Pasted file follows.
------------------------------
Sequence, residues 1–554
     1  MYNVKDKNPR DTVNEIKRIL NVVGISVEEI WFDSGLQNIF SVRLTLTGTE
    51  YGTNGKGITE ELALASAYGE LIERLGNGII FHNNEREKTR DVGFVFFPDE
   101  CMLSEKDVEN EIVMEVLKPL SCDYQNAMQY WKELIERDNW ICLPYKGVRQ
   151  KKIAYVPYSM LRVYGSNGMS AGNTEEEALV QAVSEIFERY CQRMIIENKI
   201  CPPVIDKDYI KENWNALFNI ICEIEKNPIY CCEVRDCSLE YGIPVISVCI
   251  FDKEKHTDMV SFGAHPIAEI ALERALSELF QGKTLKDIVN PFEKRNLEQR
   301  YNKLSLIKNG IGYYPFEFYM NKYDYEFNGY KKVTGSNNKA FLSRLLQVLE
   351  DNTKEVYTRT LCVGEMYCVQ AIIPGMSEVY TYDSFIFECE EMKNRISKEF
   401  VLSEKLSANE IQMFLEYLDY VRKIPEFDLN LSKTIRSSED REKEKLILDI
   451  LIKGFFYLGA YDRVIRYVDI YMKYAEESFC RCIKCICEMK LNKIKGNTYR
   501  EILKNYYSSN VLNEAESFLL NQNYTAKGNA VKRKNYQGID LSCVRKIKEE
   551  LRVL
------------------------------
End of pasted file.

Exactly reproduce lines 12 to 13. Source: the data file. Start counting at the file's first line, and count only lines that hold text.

   501  EILKNYYSSN VLNEAESFLL NQNYTAKGNA VKRKNYQGID LSCVRKIKEE
   551  LRVL